A BRITISH diplomat is playing super sleuth to help solve the mystery surrounding a Scottish sailor whose grave he found on Mauritius.

Keith Allan, the UK High Commissioner to Mauritius, started his investigations after coming across the resting place of John Fairfull – a seaman from Airdrie who drowned off the paradise isle, aged 21 in 1952.

The Scot had been en route to the Monte Bello islands to help conduct the first British nuclear bomb tests.

Glasgow-born Mr Allan managed to contact Mr Fairfull’s family through Twitter to help shed light on their loved one’s life and death.

Civil servant Mr Allan, 52, said: “The family has taken a great deal of comfort from discovering more of the story behind their uncle John’s life and death. 

“I had spotted this dark and dirty headstone and when I started reading that he was from Airdrie I thought, ‘Oh, gosh’, that’s near to where I was brought up. I did my school work experience with Airdrie Savings Bank and played football for Airdrie under-15s so I have great memories of the town.

“And when I posted the picture of the grave on Twitter, pointing out he had served aboard HMS Campania, the family responded. It proved to be a crucial part of the jigsaw to helping them finally learn more about his life.

“They not only discovered exactly where he is buried, but knowing for the first time the ship he had served on has opened up all number of records to help them find out more about his service and life.

“I’ve been able to find some original photographs of the HMS Campania crew on Mauritius and have sent them to a relative now living in Canada.”

Glasgow Times: The grave of John Fairfull in Mauritius. He drowned off the island in July 1952The grave of John Fairfull in Mauritius. He drowned off the island in July 1952

Mr Allan, a keen war historian, arranged for Mr Fairfull’s grave to 
be professionally cleaned in time for last year’s Remembrance Sunday commemorations.

He said: “I have always been hugely impressed at how the Commonwealth War Graves Commission cares for the graves of those who served and help families trace their relatives. I saw that at first hand while serving in Russia and supporting visits by veterans of the Arctic Convoys, many from Scotland.”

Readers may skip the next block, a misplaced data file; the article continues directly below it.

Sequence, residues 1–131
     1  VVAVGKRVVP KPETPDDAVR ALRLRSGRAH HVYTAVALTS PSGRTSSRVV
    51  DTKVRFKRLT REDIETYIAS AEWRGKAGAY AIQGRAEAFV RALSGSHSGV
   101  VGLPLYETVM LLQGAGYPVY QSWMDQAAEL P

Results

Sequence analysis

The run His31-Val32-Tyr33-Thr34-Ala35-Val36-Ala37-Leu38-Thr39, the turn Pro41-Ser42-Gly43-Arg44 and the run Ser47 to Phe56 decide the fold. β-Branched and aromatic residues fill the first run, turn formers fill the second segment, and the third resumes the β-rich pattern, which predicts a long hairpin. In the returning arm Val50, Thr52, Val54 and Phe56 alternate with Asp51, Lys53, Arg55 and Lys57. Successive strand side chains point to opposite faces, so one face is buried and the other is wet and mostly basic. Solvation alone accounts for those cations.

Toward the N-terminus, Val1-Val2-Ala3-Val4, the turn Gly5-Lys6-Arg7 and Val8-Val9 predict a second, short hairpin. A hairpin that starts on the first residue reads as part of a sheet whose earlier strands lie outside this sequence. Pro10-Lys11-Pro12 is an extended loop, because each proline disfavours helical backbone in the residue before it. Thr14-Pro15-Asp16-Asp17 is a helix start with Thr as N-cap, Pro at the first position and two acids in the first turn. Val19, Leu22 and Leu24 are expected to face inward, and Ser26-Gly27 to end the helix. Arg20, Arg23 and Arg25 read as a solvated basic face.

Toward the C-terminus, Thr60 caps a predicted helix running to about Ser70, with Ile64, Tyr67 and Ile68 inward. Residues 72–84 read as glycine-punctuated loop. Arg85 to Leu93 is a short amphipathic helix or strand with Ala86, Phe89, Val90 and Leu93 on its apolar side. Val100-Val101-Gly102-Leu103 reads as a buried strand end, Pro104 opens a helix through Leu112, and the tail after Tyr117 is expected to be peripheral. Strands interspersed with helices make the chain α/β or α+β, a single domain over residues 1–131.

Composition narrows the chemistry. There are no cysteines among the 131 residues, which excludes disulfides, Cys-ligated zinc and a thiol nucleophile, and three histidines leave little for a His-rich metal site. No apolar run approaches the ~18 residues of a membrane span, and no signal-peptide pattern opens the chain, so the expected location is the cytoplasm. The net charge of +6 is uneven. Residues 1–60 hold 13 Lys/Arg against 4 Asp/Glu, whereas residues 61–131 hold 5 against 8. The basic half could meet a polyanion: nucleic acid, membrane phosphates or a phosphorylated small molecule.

The investigation into the Scot’s grave on Mauritius has become very much an international affair because many members of Mr Fairfull’s family now live in Canada.

Mr Allan’s research has helped the family discover Mr Fairfull was travelling with 85 scientists aboard the command ship for Operation Hurricane – the test of the first British atomic bomb on the Monte Bello islands, near western Australia.

John Dorman, the sailor’s nephew, said: “My family and relatives were amazed and grateful to Keith for being curious enough to have made the effort to contact us and for the respect he has given my uncle John’s memorial.

“After Keith mentioned HMS Campania it helped me find out it was an escort aircraft carrier on a mission to Monte Bello Islands for Britain’s first atomic bomb tests. That was a surprise. It’s a pity my uncle didn’t make it there – I’m sure he would have had a story 
to tell.

“I was told at a young age that I had an uncle John who had drowned off the coast of Mauritius soon after I was born. He was engaged to be married shortly before his death. I remember my grandmother showing me a large bronze medallion that had been sent to her by the navy.

“I was not curious enough to learn more about him until later in life. I never did investigate any further than that, until I saw a programme on TV that mentioned Mauritius. 

“It prompted me to search again and I was very surprised and excited to find Keith Allan’s tweet about my uncle’s grave. I haven’t been able to track down any photos of uncle John before his death. It’s exciting to think he could be one of the men in the photos Keith has uncovered of the ship’s crew on Mauritius.”